From Farm to Cup: The Supply Chain Journey of Coffee
Coffee is something that can be found on the counters and in the cups of practically every home, workplace, restaurant, and event beverage tables across the world. This smokey and caffeine-rich drink comes in various flavors, roast levels, and qualities, but one thing always stays the same — the universal love for this drink in just about every civilized society for hundreds of years. But, where does coffee come from, and how is it transformed from a simple plant on a farm into a beloved drink found in all shapes and sizes?
As part of the new supply chain journey series by Stimulus, we’ve chosen to break down the entire journey of a coffee bean from farm to cup to show exactly what passion and effort goes into every ounce of this drink, literally. Without further ado, let’s analyze this delightful brew and see what makes it so incredible below.
On the Farm
Before anything can be done to transform coffee into the warm beverage everyone knows and loves, this plant must be nurtured and raised by expert farmers in regions such as Brazil, Colombia, and Ethiopia.
These farms are roughly 1 or 2 hectares (each hectare= ~2.5 acres) of land. Their small operations make their products higher quality but more difficult to supply consistently and more expensive.
Coffee begins as a seed that is planted in large beds in shaded nurseries. These plants are watered frequently and shaded regularly during the wet season so the soil stays moist and fertile.
It takes roughly 3 to 4 years for these plants to bear what is referred to as ‘the coffee cherry.’ On average, these plants are harvested only once a year, except for in Colombia where there is a main and secondary crop harvest each year.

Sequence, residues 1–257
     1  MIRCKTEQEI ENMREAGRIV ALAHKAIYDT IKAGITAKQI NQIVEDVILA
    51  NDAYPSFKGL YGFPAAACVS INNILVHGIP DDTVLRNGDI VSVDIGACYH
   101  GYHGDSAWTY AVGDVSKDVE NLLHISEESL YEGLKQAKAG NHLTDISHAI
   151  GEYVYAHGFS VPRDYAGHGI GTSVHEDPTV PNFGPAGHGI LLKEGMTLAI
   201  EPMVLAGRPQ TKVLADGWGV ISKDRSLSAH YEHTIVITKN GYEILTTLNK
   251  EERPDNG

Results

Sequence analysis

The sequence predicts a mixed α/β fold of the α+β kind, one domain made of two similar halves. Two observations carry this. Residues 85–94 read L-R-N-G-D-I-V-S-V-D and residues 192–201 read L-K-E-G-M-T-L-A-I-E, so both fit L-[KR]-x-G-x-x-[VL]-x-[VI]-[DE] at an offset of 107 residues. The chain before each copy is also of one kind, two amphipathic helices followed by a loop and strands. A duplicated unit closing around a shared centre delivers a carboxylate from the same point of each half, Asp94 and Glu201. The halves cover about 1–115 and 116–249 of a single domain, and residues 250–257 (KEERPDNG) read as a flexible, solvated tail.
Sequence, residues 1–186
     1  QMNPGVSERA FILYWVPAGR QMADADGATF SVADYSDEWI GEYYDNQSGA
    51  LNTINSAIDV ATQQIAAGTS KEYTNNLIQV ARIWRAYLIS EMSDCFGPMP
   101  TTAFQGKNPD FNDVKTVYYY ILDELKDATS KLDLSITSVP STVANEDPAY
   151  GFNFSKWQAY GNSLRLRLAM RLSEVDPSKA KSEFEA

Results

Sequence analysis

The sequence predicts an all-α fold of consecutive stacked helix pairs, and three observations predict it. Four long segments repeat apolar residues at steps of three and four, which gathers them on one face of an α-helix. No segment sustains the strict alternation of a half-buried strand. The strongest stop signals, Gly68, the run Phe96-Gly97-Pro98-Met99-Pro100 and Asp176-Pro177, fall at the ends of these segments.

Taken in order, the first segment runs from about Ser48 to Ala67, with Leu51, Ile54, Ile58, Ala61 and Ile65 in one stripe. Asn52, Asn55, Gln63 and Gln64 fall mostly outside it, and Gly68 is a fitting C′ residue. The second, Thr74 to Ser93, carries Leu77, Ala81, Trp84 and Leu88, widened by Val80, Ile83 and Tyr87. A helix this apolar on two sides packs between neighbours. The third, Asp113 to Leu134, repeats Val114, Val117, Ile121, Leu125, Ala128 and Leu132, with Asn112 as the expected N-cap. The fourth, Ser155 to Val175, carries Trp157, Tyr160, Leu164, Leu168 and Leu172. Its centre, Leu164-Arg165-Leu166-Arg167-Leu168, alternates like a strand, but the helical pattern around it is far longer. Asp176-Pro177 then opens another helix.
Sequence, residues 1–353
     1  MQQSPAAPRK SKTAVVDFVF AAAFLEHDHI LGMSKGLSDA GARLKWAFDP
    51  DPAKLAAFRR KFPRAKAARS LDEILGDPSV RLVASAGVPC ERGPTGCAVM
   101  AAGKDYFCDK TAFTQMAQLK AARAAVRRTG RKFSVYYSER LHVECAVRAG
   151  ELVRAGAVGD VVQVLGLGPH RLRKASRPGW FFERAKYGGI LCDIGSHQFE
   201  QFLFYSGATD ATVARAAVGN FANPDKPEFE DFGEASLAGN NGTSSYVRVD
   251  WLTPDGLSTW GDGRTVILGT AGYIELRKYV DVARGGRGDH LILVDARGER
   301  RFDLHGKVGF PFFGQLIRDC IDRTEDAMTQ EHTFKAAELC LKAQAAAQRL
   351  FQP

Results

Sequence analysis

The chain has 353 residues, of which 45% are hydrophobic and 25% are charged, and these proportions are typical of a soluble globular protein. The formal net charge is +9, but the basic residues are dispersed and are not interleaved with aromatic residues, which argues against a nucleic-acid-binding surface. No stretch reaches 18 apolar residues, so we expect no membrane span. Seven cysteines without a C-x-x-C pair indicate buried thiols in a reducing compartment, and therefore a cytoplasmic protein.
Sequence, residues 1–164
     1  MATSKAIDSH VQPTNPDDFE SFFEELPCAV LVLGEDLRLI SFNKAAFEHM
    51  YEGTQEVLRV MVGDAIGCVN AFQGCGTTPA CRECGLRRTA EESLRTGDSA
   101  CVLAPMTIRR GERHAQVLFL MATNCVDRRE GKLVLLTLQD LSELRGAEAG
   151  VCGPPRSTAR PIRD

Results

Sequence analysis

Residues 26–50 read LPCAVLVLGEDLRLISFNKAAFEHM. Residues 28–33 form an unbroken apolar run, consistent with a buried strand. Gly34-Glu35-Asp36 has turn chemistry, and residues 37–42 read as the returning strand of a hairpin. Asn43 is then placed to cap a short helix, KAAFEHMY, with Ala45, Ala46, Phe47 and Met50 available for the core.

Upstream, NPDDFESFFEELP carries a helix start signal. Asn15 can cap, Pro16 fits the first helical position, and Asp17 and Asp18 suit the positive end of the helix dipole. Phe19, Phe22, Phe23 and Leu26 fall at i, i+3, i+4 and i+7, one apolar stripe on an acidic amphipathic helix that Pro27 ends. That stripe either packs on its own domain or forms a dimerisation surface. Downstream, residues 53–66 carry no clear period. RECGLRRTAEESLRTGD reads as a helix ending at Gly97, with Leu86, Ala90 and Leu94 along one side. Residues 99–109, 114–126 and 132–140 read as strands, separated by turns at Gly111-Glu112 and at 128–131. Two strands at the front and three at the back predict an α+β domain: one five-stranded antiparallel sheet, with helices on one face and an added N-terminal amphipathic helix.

A good farm worker can average 100 to 200 pounds of coffee cherries a day. This haul produces 20 to 40 pounds of coffee beans and, with typically 10–20 workers per farm, a farm can comfortably pick up to 800 pounds of coffee beans each day. Depending on the farm, the crop is either strip picked or selectively picked and then, the processing method can begin at last.
It’s a Process
Usually, the processing of coffee is a collective effort between growers, other processors, and co-ops. Each group invests in the equipment making it accessible to them for their product.
The processing of the coffee cherries must begin immediately to avoid damage to the coffee beans. Either the dry or wet method can be used depending on the farm and type of beans being harvested.
With the dry method, the cherries are spread out on large tarps on the ground to dry in the sun while workers rake and turn them daily to prevent spoiling. The cherries are also covered at night or in the rain so they dry completely and don’t become wet at all. The next time you look at a bag of expensive coffee, just remember that this one process alone can take several weeks as the cherries must have a moisture content of 11% or less to be viable for the next steps.